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is not constant; and also, that there may be considerable fluctuation in the morning as well as in the evening.

Another series designed to ascertain the effect of fasting upon the pulse, and which was protracted during a space of thirteen hours, showed a diminution of six beats, with “occasional fluctuations."

The next observations were made to institute a more exact comparison between the state of the pulse in the morning and evening, by examining it in the morning and evening under precisely the same circumstances. A set of observations consisting of eleven series was first made, to try the effect of continued rest on the morning and evening pulse. A second set, consisting of fourteen series was made, to try the effect of food on the same.

In regard to the first, the plan adopted was to ascertain its frequency before breakfast, as a standard of comparison throughout the day. Breakfast was then taken ; and waiting until the pulse had subsided, from the increased frequency produced by the meal, to what it was before breakfast, it was counted every quarter of an hour, for a period varying in different series, from half an hour to two hours; and the mean frequency of the whole was noted. , The minimum frequency was also noted. Remaining after dinner then in a state of rest, until the pulse had acquired the same frequency which it had before breakfast, (which was generally about eight or nine in the evening,) tea was taken, consisting of exactly the same with the breakfast, and the observations made as in the morning. The results also were noted as before. This was repeated eleven days, and a table constructed, containing the results of each day. The following is given by Dr. Guy, as " the mean results of the series given in the table.”



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min. mean "Frequency of the pulse before the observations

66 60 62.36 Morning :

Evening: min.

min. mean Average frequency of the several series of observations S 64.5 57.33 61.28 63 56 58.71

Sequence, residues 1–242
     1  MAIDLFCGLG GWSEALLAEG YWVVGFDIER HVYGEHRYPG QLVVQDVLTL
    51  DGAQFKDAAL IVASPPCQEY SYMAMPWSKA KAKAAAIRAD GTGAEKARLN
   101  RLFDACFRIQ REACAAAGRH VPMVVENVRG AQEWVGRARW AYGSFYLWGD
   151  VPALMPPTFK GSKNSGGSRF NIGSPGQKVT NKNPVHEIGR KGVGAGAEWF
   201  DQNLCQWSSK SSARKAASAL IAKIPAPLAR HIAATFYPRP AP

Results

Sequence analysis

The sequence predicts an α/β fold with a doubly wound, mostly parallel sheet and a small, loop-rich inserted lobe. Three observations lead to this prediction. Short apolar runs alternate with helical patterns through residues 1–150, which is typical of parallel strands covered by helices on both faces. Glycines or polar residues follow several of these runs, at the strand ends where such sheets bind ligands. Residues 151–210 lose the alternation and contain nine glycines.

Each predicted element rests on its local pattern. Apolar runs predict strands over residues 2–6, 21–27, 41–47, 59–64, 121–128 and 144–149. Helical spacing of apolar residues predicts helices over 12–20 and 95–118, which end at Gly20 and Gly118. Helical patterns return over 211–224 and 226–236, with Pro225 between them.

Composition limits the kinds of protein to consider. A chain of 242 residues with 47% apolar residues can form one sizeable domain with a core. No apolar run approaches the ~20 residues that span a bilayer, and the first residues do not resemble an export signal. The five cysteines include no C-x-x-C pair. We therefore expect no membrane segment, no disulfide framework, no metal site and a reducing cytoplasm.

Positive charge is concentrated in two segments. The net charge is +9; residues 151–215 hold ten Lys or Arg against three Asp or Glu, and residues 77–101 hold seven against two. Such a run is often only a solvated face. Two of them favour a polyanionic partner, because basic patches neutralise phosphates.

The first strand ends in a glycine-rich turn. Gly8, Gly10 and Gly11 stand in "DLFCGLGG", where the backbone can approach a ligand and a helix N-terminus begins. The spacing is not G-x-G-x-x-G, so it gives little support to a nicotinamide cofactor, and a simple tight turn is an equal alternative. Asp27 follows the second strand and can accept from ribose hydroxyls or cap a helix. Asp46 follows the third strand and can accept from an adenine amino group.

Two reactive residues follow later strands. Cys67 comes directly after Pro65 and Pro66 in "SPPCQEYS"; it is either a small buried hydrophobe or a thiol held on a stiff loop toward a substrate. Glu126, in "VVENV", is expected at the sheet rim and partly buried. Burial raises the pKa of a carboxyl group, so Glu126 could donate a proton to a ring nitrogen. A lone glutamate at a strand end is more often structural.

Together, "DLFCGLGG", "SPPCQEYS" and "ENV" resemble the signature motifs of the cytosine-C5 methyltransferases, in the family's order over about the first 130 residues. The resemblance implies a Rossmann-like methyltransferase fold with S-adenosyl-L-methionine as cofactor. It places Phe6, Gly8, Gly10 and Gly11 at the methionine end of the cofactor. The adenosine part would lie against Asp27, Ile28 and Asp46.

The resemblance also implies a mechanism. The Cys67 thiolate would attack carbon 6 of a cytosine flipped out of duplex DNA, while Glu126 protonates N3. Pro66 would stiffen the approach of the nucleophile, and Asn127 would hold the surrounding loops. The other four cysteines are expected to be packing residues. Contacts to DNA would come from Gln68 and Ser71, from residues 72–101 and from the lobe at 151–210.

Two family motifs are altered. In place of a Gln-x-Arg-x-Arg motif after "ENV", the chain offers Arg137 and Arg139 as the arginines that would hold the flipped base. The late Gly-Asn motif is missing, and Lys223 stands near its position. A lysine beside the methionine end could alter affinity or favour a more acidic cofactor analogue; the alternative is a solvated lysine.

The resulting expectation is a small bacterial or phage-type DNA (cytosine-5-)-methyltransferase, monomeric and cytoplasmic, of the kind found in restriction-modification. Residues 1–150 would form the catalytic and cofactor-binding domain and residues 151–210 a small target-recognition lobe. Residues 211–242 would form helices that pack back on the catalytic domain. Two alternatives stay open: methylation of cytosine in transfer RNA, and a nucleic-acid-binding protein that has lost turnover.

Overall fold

56 any } 62

59.18 62 54 56.54 series of observations Differ, between the original

6 0

3.23 8 4 5.82 frequency and least number

In the second set of observations, viz: those to show the effect of food, precisely the same plan was adopted as in the above, and the fourteen series of observations give the following mean results:

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Frequency after meal

81 70 75 74 60 69.15 Increase

21 10 12.92 12 0 7.15 Duration of effect in hours, 3.75 1

2.02 1.75 0

.09 Diminution per hour


6.4 40 6 7.8 *Exceptions to the rule of 2

29.21 per cent.

13.33 per cent. progressive diminution }

The following are the average results of six experiments, in which the pulse before the meal was sixty.

Morning :

Evening: min.








Frequency after the meal, 81 70 75 72 60 63

21 10 15

12 0 8 Duration of effect in hours,


2.75 1.75 0 87 Diminution per hour


5.45 20 6.8 9.02 Exceptions to the rule of 2

26.47 per cent.

11.76 per cent. progressive diminutions

After noticing the uniformity of the results, the author remarks that, “ by far the most remarkable fact established by these observations, is, that the same food which in the morning increases the frequency of the pulse from five to twelve beats, and keeps it raised above its natural number from one to two hours, may in the evening produce no effect whatever." He

*That is to say, the instances in which the pulse, instead of being less frequent, was more frequent than in the preceding observation, were in the morning in the proportion of 29 per cent., and in the evening of 13 per cent.

refers to his table of details, which our space does not permit us to insert.

Having given the results of his observations much more minutely and in extenso than we have noticed, he proposes the following as facts established by them:


61. The pulse of a healthy adult male in a state of rest, unexcited either by food or exercise, is most frequent in the morning, and gradually diminishes as the the day advances.

2. The pulse diminishes in frequency more rapidly in the evening than in the morning.

3. The diminution of the frequency of the pulse is more regular and progressive in the evening than in the morning.

4. The effect of food is greater and more lasting in the morning than in the evening; and, in some instances, the same food which in the morning produces an effect considerable both in amount and in duration, has no effect whatever in the evening."

The theory which Dr. Guy proposes upon the subject, and in support of which he brings forward some additional facts and arguments, is that:

Early in the morning, after we have been completely refreshed by sleep, the strength of the body is at its maximum; all its functions are performed with vigour; and all the causes of excitement produce their greatest effect. But activity of body or of mind, and the application of stimuli of different kinds, produce debility, which goes on increasing as the day advances. So long as the body continues in perfect health, this increasing debility produces a sedative effect on the action of the heart; the frequency of the pulse is diminished; and it becomes less and less affected by the application of stimuli. Sleep restores strength and vigour to the body, and again confers upon it that excitability of which fatigue had deprived it. But fatigue, or the want of rest, may give rise to a state of debility which is incompatible with health; and which is accompanied by increased frequency of pulse, and increased susceptibility of the action of stimuli